Question marks in various colours

Riddle Me This: Flash Fiction

‘Do fish have eyebrows?’

I was in the middle of a budget meeting on Zoom when my three-and-a-half-year-old son, Sam, popped up in the background and asked the question.

My boss laughed politely at my son’s unexpected appearance and gave Sam a small wave. 

“Cute kid,’ she said with a strained smile. ‘…So back to the profit and loss sheet—’

Sam tugged on my sleeve. ‘Well do they?’

I indicated to my boss that I just needed a minute. I turned to Sam and shifted into “I’m-trying-really-hard-to-be-a-present-Mother” mode. 

‘Sorry, darling. Do they what?’

Sam huffed. ‘Have eyebrows.’ 

‘Well…’ I had to think about my answer – like really think about it. ‘…No, I don’t think so.’

I turned back to the computer screen but there was another tug on my sleeve, more urgent this time.

I took a deep breath. ‘Yes…Sam.’ I was trying to sound patient but it was hard with my boss giving me a mega death stare.

Sam’s brow crinkled, giving him an earnest look well beyond his years. ‘Why not? Why don’t they have eyebrows?’

‘I don’t know, darling.’

‘But why?’ he cried, his tiny hands clenched into fists by his side. ‘W-h-y!’

The Zoom call ended in a cacophony of frustrated cries and tears – mine and Sam’s – and marked the transformation of my son into “The Riddler”.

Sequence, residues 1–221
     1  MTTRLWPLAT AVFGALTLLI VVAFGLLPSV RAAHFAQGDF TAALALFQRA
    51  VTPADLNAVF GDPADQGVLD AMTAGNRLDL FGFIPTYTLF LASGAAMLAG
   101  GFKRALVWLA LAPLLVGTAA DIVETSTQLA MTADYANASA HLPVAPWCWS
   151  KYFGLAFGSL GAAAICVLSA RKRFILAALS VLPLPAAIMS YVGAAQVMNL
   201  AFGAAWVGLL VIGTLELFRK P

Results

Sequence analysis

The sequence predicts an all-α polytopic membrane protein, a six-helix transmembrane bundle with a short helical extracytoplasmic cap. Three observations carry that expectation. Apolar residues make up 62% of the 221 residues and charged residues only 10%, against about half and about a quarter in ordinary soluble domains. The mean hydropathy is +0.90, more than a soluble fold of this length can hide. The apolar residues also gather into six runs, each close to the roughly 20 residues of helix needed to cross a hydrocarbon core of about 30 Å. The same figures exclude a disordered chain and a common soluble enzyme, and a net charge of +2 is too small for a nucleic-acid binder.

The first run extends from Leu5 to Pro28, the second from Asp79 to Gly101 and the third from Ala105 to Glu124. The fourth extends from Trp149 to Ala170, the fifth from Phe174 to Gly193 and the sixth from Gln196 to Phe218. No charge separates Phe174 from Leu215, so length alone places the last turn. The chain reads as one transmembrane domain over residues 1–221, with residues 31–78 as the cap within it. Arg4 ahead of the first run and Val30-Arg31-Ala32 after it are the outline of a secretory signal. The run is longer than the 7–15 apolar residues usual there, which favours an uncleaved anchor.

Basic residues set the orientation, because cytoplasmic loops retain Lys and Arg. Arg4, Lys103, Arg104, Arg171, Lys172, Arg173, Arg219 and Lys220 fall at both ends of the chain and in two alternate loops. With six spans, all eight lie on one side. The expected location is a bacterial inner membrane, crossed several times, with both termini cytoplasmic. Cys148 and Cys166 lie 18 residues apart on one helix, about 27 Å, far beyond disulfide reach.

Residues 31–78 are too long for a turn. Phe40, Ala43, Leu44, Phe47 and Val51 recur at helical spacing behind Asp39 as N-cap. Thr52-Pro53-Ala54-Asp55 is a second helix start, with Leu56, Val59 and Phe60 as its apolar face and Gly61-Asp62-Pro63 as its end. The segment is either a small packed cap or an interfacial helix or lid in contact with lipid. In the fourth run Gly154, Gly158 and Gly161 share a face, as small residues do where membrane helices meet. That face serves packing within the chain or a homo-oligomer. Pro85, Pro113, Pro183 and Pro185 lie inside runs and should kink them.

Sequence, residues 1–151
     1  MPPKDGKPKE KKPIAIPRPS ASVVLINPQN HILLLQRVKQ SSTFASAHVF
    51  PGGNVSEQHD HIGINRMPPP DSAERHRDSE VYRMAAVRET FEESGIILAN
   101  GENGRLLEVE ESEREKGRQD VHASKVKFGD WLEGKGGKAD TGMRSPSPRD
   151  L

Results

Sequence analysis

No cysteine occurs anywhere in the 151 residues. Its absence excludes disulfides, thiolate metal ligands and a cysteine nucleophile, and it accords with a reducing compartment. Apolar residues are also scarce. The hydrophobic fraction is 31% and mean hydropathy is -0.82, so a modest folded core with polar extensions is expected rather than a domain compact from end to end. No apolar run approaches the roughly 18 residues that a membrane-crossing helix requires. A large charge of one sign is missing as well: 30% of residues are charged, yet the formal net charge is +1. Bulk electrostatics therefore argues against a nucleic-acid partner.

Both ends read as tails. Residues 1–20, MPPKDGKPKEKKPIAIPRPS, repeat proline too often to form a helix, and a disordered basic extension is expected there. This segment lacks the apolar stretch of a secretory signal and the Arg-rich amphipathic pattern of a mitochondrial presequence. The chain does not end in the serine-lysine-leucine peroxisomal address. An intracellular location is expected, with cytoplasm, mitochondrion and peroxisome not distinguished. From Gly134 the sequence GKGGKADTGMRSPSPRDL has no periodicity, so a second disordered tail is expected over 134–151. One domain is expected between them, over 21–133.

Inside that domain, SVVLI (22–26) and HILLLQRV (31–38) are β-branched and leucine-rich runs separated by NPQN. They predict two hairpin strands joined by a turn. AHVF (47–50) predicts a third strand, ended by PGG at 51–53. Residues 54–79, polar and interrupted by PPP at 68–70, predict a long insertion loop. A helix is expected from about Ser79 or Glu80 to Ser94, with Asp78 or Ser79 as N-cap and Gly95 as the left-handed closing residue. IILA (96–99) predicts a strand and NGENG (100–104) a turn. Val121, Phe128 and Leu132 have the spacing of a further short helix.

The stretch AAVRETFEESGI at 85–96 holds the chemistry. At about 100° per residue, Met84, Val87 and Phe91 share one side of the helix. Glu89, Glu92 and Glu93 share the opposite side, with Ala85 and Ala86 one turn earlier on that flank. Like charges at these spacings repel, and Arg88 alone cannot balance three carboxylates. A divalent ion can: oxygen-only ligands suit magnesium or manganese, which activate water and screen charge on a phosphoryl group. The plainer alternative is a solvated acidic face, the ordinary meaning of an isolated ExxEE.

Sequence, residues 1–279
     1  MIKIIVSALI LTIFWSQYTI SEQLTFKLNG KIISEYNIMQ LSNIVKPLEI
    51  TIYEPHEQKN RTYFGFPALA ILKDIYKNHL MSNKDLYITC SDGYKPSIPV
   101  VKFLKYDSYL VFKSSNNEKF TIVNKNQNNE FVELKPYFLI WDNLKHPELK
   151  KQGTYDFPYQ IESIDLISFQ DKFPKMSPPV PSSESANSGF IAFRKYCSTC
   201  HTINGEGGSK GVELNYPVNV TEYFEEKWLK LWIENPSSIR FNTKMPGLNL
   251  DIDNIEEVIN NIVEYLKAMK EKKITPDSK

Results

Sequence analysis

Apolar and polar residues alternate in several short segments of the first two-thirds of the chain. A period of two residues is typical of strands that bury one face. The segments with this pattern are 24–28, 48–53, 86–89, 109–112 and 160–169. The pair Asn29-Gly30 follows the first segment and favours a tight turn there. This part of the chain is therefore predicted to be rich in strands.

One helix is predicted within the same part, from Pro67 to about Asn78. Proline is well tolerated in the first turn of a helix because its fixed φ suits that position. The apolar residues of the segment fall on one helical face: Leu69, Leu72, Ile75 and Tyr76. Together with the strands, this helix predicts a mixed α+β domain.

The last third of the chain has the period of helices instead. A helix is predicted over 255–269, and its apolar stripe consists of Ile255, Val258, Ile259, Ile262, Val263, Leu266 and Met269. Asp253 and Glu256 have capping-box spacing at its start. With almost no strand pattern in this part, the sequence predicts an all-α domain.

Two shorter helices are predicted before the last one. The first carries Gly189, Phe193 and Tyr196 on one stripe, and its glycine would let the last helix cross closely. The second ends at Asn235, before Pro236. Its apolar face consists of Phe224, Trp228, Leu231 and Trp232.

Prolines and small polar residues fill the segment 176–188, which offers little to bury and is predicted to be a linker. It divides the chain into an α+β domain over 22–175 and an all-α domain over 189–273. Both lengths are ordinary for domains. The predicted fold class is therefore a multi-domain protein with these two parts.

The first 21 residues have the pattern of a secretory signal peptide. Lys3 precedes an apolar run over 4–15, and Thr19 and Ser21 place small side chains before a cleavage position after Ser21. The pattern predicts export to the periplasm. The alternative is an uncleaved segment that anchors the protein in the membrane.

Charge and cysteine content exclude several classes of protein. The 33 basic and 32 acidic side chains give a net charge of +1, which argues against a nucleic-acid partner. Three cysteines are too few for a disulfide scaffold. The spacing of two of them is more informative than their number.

As time went on the questions became more complicated and unexpected, usually coming out of context. I was in the middle of a dentist appointment when Sam asked me whether bread lost its nutritional value when it was toasted…He was four. How did he even know the word “nutritional”?

Our family and friends thought Sam’s insatiable appetite for random facts was endearing, and I wanted to encourage my son’s curious nature, but it wasn’t easy. His impassioned and sometimes convoluted queries were relentless. More often than not I couldn’t provide a satisfactory answer. It was exhausting.

While Sam’s friends were finger painting, he was reading every 1001 Facts book he could get his hands on. 

By the time Sam was ten, he would start a conversation with, ‘I have two questions and a statement’. I should have been happy that he still wanted to share things with me, that he came to me instead of google with his questions, but it was a lot to deal with among the thousands of competing demands on my time. 

But now…I’d give anything for one of Sam’s questions. I’d welcome the interruption. I’d stop whatever I was doing and give him my full attention. I’d tell myself nothing was more important than being there for my son…but it was too late. 

Now, I’m the one who asks the questions. ‘How was your day?’, ‘What are you doing tonight?’, ‘What would you like for dinner?’. My questions hang unanswered in the air – unless you count grunts and one syllable words as answers. 

Sam is no longer The Riddler – he’s officially a teenager.

To stay in the know about my books and to receive content like this, sign up here.
Photo by Leeloo Thefirst via Pexels.

Kylie Fennell
Follow me